Data Subject Access Requests (“DSARs”) are nothing new, but the volume of noise arising is. Following the implementation of the EU General Data Protection Regulation (“GDPR”), the Information Commissioner’s Office (“ICO”) has seen a 98% rise in complaints relating specifically to DSARs. In addition, many law firms have seen a substantial rise in the number of DSARs being received. This is for a number of reasons:
A law firm will inevitably hold much personal data relating to its clients, which will often be confidential in nature;
The GDPR has increased data subjects’ awareness of their privacy rights;
The GDPR has removed the £10 fee that used to be imposed, meaning that Data Controllers can no longer charge for a DSAR; and
Given the obligations now imposed on data controllers as a result of the GDPR, DSARs are increasingly being used as a tactic in contentious matters.
For those not familiar with DSARs…
A DSAR is a request from a data subject to be provided with a copy of their personal data being held and / or processed by a Data Controller, together with confirmation on why it is being held and / or processed in that way. A request does not need to be labelled as a ‘Data Subject Access Request’ for it to so constitute, but the request must be made in writing.
Per Article 15 of the GDPR, individuals have a right to know what data is being held about them and how that data is being used. When making a DSAR, a data subject can seek to obtain any or all of the following:
a) confirmation that the recipient is processing their personal data
b) a copy of that personal data; and
c) supplementary information, such as the purpose of the processing and categories of data concerned.
Given that DSARs are anything but declining, it is important for law firms to understand the scope of their obligations, as well as the tools available in order to respond appropriately.
A DSAR must be responded to within one month. This can be extended if the request is particularly complex. In the event that a firm wants to extend the time period for responding, it should write to the data subject within one month of receipt of the request to explain in detail the difficulties in responding within the one month timeframe, and explaining that the response will be given within three months.
If a DSAR is made electronically, the response (unless otherwise requested) must also be made electronically.
All responses must be transparent, written in clear, plain language and be provided in an easy accessible format.
Exceptions for lawyers
While the scope of information which a data subject is entitled to obtain is at first glance quite broad, there are certain exceptions, a number of which are applicable to the legal profession. These are as follows:
The obligation in response to a DSAR concerns the data subject’s ‘personal’ data. This may appear obvious, but it means that there is no obligation to provide the document in which that data resides, nor any other data contained in that document.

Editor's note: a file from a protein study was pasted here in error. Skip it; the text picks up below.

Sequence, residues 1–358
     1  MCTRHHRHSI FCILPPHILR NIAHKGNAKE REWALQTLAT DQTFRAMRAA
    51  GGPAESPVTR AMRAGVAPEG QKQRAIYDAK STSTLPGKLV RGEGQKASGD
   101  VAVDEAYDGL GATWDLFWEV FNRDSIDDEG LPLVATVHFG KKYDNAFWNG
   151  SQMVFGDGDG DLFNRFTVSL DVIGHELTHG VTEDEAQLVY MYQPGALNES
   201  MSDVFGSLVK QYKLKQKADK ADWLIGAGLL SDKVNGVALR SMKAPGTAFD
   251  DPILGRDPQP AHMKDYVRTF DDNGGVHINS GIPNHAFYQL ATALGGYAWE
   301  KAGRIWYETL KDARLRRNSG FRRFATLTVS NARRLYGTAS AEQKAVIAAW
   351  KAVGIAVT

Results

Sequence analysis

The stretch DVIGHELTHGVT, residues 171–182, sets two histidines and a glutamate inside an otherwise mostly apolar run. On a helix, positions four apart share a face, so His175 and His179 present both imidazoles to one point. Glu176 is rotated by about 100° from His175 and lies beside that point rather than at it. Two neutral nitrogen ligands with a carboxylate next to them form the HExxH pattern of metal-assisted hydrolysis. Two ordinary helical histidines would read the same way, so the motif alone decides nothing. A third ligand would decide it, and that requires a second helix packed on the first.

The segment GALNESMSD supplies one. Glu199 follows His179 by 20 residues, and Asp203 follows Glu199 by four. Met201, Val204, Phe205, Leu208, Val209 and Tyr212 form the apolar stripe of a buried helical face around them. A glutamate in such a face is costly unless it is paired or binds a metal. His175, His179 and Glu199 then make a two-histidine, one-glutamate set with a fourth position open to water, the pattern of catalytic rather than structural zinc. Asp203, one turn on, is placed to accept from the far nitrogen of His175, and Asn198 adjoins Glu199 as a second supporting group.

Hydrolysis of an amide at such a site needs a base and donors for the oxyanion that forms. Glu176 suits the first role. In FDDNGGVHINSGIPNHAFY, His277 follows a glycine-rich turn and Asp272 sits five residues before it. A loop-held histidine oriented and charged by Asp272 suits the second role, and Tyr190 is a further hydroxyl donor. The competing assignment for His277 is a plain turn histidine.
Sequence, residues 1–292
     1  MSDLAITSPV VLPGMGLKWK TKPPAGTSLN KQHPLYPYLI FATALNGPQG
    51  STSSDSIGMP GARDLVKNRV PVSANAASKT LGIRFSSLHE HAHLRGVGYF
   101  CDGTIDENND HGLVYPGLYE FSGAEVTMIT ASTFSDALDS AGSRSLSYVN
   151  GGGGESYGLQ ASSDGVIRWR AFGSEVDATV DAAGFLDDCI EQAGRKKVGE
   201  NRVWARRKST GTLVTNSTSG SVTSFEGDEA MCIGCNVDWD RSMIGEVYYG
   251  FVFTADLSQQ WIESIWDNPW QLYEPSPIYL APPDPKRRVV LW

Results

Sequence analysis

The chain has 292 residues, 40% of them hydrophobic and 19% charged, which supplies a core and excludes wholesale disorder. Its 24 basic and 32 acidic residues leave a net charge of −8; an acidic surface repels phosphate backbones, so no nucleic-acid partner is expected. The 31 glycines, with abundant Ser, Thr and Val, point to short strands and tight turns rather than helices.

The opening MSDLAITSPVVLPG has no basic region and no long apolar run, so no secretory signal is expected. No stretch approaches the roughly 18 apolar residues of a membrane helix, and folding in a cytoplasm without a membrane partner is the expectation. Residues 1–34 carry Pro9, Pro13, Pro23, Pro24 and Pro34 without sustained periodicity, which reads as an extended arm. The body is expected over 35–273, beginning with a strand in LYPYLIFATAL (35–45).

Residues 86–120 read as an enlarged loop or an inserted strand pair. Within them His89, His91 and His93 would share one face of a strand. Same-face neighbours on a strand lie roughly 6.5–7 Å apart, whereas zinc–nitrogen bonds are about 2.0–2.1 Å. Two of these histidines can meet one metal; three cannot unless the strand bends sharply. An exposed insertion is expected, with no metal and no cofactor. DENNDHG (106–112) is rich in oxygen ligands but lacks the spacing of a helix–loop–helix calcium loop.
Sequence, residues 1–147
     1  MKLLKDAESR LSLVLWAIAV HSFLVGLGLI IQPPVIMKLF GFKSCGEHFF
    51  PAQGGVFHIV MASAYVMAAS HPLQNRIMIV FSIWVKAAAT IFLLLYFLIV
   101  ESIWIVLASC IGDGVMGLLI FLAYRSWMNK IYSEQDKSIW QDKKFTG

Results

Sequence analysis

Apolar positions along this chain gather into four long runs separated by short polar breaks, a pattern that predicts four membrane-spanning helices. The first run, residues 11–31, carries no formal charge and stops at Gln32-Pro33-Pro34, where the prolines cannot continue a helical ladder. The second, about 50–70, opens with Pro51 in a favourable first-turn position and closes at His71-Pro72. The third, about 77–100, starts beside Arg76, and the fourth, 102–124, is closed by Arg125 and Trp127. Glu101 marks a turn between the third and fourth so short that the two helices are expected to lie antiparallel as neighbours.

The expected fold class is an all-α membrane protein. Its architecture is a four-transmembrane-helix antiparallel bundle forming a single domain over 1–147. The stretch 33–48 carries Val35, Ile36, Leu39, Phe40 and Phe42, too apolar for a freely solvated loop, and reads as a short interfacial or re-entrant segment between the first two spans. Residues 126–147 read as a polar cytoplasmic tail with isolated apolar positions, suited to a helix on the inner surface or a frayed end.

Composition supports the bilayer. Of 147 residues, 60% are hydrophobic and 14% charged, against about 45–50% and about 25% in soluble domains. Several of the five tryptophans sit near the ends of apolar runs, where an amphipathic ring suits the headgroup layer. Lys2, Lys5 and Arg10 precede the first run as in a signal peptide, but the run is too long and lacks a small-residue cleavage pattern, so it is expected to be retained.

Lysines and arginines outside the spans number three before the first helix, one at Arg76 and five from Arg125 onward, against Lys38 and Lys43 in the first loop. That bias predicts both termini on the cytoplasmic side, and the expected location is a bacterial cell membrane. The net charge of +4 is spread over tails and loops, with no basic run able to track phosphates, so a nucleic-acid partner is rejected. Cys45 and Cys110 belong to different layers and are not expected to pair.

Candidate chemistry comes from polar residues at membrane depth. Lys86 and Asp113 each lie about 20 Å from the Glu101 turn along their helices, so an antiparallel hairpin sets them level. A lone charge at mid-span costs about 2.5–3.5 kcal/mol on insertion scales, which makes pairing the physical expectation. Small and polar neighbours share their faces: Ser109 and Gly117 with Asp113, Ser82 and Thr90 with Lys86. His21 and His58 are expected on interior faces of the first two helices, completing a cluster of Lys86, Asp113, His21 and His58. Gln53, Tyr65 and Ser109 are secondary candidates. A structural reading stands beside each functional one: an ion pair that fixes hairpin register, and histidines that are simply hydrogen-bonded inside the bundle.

A Data Controller is not required to provide the personal data if it would unavoidably disclose a third party’s personal data. This rule does not apply where the third party has consented to the disclosure. Furthermore, the onus is on the solicitor to prove why measures such as redacting will not provide sufficient protection.
There is an exception for legally privileged information. However, in the case of Ittihadieh, the court recognised that not all information exchanged between a solicitor and a client is subject to privilege. The case clarified that solicitors facing a DSAR must carry out a proportionate search to separate the privileged and non-privileged data.
DSARs are subject to the principle of proportionality. Although solicitors have been discouraged from refusing to respond to a DSAR on the grounds of proportionality, the courts have nevertheless recognised that the option is open to firms who can positively show that it will be disproportionate to address the request in full. In Gaines-Cooper v Commissioners for HMRC, the court held that partial compliance with an excessive DSAR was a proportionate response, despite the fact that not all relevant documentation had been reviewed.
Finally, Article 57 of the GDPR allows data controllers to refuse to respond to a DSAR, or charge a fee for doing so, if they can demonstrate that the request is “manifestly unfounded or excessive in nature”. The only example of this given to date involves the making of repetitive DSARs.
Clarification on the scope of the DSAR
The GDPR provides that before responding to a DSAR, in cases where the data controller processes a large quantity of an individual’s data, the Data Controller can ask the data subject to specify the information or processing activities to which the request relates. Unfortunately, the legislation does not address the point on whether making such a request for clarification extends the time limit for responding to the request. Furthermore, it is presently unclear whether a failure of the data subject to respond to a clarification request provides the Data Controller with an excuse not to comply with the request. Regardless of the uncertainties this option creates, it is a useful tool which solicitors may be able to employ where appropriate to narrow the scope of search and disclosure of complex DSARs.
We have a dedicated team dealing with data protection issues including DSARs. Our fixed price packages allow organisations to pass their DSARs over to us, taking away the time, stress and effort of managing this process.